14:00 Uhr s.t., at Zoom

18.11.21Prof. Morgan Mitchell, The Institute of Photonic Sciences
In 1981, a newly-minted PhD named Carlton Caves proposed to use ``squeezed light'’ to beat the shot noise limit, and thereby improve the sensitivity of gravitational wave detectors. Thirty years later, the GEO600 gravitational wave detector demonstrated improved sensitivity using squeezed light. Today, forty years after his proposal, Caves is a Professor Emeritus, and gravitational waves are routinely detected with the help of squeezed light. Meanwhile, in 1993, the squeezing of atomic spins was proposed as a way to improve the sensitivity of atomic clocks, magnetometers, gravimeters, and so forth. If these atomic instruments proceed along the same time-line as gravitational-wave detectors, we should expect to see the first real-world use of squeezing in atomic instruments in the next few years. In this talk, I will describe some of the progress in this direction, including the use of squeezed light and squeezed spins in magnetometry. I will try to explain how quantum noise in a magnetometer is, and is not, like quantum noise in a gravitational wave detector, and some unexpected features that make magnetometers particularly well-suited for spin squeezing. If time permits, I will say something about the potential to use squeezing in optical lattice clocks, to improve the stability of our best time-keeping instruments.
14:00 Uhr s.t., at Zoom

25.11.21Dr. Sarah Skoff, Technische Universität Wien
Since quantum technology is becoming advanced, new ways are sought to make miniature systems for quantum networks and sensing. Solid-state quantum emitters have therefore moved into focus as they lend themselves for integration into nanophotonic platforms and come in a variety of forms and with a variety of different level structures. Here, I want to present two different kinds of solid-state platforms, single molecules in solids and quantum emitters in 2D materials. I will present measurements on coupling these quantum emitters to waveguides, in particular optical nanofibers. These are waveguides that are naturally integrated with optical fibers and enhance the light-matter interaction by their strong transverse confinement of the guided light field. I will also show how the light-matter interaction can be further increased by employing fiber-based cavities. These cavities have been shown to work equally well at room temperature and cryogenic temperatures, where the latter is still most often a requirement for solid-state system due to the phonons from the host material. However due to the 2D nature of the host material, quantum emitters in 2D hexagonal Boron nitride may provide a platform for quantum tech-nology that could also operate a room temperature and I will give an overview of recent measurements with these emitters and give an outlook of our endeavour to bring solid-state quantum optics to a room temperature environment.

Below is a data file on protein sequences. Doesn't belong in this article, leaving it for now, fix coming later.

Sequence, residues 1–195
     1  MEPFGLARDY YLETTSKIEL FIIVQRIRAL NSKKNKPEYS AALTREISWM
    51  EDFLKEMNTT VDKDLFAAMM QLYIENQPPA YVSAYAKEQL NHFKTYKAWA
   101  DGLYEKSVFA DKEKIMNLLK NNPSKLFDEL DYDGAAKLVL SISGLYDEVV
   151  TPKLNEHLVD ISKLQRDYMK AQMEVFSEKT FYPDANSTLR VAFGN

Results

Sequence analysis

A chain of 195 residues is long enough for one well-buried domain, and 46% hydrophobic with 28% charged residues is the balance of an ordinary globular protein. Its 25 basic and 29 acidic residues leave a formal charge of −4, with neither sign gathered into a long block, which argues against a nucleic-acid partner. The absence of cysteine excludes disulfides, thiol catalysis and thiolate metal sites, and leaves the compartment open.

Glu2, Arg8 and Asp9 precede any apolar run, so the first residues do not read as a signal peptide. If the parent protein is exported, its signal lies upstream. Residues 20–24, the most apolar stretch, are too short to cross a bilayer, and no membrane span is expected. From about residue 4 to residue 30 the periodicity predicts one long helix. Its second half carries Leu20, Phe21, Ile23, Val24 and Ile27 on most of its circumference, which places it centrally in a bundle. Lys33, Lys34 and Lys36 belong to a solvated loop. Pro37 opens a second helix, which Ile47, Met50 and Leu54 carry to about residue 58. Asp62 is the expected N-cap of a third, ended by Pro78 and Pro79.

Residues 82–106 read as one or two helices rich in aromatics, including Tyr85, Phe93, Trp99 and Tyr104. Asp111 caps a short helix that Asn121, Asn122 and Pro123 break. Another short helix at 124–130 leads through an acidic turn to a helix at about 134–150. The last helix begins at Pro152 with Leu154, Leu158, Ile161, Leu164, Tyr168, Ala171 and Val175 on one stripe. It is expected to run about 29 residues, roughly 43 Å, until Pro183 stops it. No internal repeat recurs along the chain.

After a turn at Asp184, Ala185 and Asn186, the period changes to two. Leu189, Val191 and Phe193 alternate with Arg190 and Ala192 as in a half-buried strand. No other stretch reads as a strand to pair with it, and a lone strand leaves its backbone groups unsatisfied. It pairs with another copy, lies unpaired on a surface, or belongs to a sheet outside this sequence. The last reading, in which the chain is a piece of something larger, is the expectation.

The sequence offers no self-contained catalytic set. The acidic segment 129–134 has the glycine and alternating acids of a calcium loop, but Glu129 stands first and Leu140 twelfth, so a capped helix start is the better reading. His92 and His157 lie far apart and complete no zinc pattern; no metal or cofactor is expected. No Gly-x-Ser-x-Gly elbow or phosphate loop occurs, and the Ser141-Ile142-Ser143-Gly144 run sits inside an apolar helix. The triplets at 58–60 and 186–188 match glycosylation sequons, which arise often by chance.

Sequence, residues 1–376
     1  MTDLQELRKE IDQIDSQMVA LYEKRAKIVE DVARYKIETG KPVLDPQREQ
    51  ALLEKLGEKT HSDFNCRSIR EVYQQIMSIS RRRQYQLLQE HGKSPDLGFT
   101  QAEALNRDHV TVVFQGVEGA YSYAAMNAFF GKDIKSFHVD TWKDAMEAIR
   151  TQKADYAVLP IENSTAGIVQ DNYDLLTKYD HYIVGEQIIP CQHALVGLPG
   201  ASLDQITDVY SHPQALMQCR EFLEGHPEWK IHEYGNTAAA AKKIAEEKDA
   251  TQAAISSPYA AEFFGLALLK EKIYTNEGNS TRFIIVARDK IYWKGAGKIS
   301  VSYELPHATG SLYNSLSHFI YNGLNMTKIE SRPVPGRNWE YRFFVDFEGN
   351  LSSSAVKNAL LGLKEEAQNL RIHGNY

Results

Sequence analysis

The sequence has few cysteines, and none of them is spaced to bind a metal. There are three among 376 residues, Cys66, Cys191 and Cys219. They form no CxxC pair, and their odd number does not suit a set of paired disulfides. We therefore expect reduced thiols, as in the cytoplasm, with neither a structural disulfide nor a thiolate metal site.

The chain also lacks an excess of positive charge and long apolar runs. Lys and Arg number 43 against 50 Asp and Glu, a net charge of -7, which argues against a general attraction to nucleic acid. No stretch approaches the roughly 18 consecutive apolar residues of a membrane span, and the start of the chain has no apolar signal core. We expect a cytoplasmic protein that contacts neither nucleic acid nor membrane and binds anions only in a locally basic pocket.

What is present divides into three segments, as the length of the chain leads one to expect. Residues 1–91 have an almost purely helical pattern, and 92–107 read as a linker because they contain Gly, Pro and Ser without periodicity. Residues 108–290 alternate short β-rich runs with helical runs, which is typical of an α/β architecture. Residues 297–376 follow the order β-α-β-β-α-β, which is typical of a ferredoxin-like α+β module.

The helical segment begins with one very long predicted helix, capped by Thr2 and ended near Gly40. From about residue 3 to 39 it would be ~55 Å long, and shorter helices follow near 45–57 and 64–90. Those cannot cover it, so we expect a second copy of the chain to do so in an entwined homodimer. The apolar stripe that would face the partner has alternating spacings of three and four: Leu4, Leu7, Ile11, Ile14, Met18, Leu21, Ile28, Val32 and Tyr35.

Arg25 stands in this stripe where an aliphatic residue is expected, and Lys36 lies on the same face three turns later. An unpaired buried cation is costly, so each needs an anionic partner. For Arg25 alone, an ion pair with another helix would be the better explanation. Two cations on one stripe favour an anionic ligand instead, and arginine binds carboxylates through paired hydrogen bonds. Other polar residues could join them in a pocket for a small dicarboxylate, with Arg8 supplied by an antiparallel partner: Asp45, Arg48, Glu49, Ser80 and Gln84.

14:00 Uhr s.t., at Zoom

aktuell

02.12.21Dr. Romana Schirhagl, Groningen University Medical Center, Netherlands

Nanoscale free radical detection in living cells using diamond magnetometry 

Free radicals play a key role in many biological processes including cell communication, immune responses, metabolism or cell development. But they are also involved whenever something is wrong in a cell and are thus important in many diseases including cardiovascular diseases, cancer or bacterial and viral infection. Unfortunately, they are very reactive and short lived and thus difficult to detect for the state of the art. We have used diamond magnetometry to achieve this. We make use of nanodiamonds which we bring into cells. We then use of NV centers in diamonds to perform relaxometry measurements. These are sensitive to spin noise (in this case from radicals) and deliver signals that are equivalent to T1 in conventional MRI but from nanoscale voxels. Using this method, we are able to quantify free radical generation with nanoscale resolution in the nanomole range (1). In our recent work we were able to detect free radical generation in single mitochondria (the energy factories of the cell) in isolated form as well as in their cellular environment (2). 1 Perona Martínez, F., Nusantara, A.C., Chipaux, M., Padamati, S.K. and Schirhagl, R., 2020. Nanodiamond Relaxometry-Based Detection of Free-Radical Species When Produced in Chemical Reactions in Biologically Relevant Conditions. ACS Sensors. 2 Nie, L., Nusantara, A.C., Damle, V.G., Sharmin, R., Evans, E.P.P., Hemelaar, S.R., van der Laan, K.J., Li, R., Martinez, F.P., Vedelaar, T. and Chipaux, M., Schirhagl, R., 2021. Quantum monitoring of cellular metabolic activities in single mitochondria. Science Advances, 7(21), p.eabf0573.
14:00 Uhr s.t., at Zoom

zukünftige Termine
09.12.21Prof. Gerhard Rempe, Max-Planck-Institut für Quantenoptik; TUM
Quantum networks with long-lived memory devices are a promising platform for modular quantum computing and long-distance quantum communication. Using selected examples, the talk will discuss the state of the art achieved with single emitters in optical resonators for distributed quantum logic and secure quantum repeaters.
14:00 Uhr s.t., at Zoom

16.12.21Prof. Irina Novikova, College of William & Mary, Williamsburg, Virginia/USA